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Social Indicators Research

, Volume 147, Issue 1, pp 133–158 | Cite as

Do Gender Differences in Social Institutions Matter in Shaping Gender Equality in Education and the Labour Market? Empirical Evidences from Developing Countries

  • Lara Fontanella
  • Annalina SarraEmail author
  • Simone Di Zio
Article
  • 149 Downloads

Abstract

Over the last decade, a great deal of attention has been paid worldwide to gender discrimination in social institutions. In this paper, we look at the role of formal and informal laws, values and attitudes related to traditions and cultural practices, in shaping gender inequalities in education and labour market outcomes. For our empirical investigation, we exploit macro-data for 110 developing countries, and gender discrimination in social institutions is operationalised considering indicators proposed in the Social Institutions and Gender Index. The statistical analysis is carried out through a Structural Equation Model embedded in a Bayesian framework. The proposed approach not only enables to meld together the measurement models for the latent dimensions related to social institutions and gendered development outcomes, but has the further advantages of accommodating the inherent categorical nature of the selected indicators and accounting for the spatial correlation of the analysed social phenomena, for which local proximity usually translates into value similarity. The empirical findings offer an interesting picture of the varying levels of gender-based inequalities and discrimination across the analysed countries and confirm the impact of discriminatory social institutions on gendered development outcomes: a higher level of formal and informal normative discrimination reduces the female participation in education and in the labour market.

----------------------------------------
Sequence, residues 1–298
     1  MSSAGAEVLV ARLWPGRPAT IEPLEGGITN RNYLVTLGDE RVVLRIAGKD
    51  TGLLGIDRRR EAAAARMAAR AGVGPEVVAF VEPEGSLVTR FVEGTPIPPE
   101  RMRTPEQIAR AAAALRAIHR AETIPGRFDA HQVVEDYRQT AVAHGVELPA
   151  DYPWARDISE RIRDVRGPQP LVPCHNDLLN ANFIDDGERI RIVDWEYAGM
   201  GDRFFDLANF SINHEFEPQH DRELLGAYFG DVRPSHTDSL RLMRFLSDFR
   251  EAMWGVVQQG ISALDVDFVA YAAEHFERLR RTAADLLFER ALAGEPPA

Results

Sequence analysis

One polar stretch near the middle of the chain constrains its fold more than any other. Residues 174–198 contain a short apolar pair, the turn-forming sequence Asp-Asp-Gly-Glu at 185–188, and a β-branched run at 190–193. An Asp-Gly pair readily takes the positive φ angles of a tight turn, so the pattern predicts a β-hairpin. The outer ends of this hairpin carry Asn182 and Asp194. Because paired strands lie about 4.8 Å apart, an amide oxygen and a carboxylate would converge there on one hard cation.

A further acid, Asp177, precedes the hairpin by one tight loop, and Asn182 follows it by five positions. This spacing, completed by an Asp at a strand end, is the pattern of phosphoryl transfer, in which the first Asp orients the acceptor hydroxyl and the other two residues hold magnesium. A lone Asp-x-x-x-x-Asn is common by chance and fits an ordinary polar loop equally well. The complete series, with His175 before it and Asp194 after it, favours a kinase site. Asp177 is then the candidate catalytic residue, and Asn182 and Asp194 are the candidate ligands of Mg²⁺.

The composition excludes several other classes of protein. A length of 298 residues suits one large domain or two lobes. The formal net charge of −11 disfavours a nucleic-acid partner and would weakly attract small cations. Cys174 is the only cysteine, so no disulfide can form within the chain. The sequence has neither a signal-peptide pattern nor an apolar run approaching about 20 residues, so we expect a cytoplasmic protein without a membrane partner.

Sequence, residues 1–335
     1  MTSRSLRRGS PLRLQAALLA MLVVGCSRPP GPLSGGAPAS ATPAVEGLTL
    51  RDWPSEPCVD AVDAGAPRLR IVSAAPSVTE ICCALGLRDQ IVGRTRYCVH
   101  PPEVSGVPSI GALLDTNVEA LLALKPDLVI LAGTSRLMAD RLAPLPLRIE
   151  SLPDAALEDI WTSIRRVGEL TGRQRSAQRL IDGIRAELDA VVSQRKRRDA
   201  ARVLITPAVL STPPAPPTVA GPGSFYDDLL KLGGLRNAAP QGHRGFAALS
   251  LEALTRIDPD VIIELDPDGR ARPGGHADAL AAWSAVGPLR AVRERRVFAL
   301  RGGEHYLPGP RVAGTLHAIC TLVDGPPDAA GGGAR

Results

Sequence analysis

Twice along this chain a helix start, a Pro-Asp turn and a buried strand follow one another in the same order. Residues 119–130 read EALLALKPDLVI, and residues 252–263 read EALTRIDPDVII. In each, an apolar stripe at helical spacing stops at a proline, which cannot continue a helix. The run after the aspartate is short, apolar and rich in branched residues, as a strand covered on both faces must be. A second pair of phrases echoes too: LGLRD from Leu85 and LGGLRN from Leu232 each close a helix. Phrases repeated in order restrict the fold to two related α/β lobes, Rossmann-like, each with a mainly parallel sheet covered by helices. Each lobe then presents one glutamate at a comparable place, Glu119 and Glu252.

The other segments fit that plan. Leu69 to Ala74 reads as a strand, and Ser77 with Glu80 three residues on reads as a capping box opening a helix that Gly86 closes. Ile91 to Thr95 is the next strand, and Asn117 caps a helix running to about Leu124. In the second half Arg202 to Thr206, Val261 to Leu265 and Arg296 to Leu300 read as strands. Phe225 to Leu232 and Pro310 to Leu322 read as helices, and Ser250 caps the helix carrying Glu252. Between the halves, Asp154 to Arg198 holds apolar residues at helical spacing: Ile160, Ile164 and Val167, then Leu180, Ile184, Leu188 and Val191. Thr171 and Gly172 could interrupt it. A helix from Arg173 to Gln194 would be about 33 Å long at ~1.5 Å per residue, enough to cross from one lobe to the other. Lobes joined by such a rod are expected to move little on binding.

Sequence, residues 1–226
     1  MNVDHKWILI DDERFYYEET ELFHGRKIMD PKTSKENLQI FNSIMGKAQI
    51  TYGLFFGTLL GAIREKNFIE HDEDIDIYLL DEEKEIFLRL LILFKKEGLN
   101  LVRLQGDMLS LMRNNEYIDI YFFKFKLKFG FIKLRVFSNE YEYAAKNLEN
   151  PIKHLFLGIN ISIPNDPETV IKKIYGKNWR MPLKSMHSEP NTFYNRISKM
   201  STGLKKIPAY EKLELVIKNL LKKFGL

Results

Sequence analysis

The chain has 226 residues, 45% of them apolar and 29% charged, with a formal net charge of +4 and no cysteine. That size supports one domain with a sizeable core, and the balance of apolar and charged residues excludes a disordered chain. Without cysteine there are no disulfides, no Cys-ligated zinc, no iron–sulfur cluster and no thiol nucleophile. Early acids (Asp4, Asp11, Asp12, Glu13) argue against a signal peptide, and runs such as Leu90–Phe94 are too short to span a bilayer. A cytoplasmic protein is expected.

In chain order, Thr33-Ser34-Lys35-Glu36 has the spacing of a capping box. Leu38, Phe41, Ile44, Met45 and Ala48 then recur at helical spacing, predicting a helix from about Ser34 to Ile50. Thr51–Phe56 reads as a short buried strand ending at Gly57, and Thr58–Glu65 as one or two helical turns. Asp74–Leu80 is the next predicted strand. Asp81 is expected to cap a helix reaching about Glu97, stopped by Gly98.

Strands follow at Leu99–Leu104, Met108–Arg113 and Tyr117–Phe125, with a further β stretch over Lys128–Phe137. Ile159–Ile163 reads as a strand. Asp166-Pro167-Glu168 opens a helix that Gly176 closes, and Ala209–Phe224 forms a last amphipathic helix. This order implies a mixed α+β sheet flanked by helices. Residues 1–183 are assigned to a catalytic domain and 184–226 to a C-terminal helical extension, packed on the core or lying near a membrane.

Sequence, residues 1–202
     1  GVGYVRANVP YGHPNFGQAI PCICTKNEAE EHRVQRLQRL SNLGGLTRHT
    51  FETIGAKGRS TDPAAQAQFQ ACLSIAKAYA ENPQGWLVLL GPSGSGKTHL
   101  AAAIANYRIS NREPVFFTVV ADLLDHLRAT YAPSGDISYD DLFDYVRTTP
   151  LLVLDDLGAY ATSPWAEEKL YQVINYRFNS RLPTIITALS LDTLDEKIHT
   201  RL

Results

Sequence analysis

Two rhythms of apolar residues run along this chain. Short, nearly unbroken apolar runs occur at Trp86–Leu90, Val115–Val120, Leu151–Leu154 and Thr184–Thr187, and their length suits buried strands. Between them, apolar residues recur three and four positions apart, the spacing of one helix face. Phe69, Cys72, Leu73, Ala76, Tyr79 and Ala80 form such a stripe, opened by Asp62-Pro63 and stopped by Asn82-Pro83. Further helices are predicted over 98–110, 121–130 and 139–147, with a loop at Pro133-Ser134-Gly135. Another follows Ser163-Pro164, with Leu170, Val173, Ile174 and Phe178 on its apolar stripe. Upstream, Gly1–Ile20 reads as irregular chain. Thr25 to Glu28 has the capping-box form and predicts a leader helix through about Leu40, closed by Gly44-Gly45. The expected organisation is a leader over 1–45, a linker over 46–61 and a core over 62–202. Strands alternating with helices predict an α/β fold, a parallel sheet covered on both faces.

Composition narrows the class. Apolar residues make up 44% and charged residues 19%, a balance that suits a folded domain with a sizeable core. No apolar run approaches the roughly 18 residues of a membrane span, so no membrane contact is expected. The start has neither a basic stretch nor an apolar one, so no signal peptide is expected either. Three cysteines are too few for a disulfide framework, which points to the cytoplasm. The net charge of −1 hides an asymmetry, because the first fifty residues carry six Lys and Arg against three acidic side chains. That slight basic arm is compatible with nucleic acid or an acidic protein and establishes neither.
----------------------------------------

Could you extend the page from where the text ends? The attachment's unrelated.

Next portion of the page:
Keywords

Gender inequality Social institutions SEM Developing countries 

Notes

References

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Copyright information

© Springer Nature B.V. 2019

Authors and Affiliations

  • Lara Fontanella
    • 1
  • Annalina Sarra
    • 2
    Email author
  • Simone Di Zio
    • 1
  1. 1.Department of Legal and Social SciencesUniversity “G.d’Annunzio” of Chieti-PescaraChietiItaly
  2. 2.Department of EconomicsUniversity “G.d’Annunzio” of Chieti-PescaraChietiItaly

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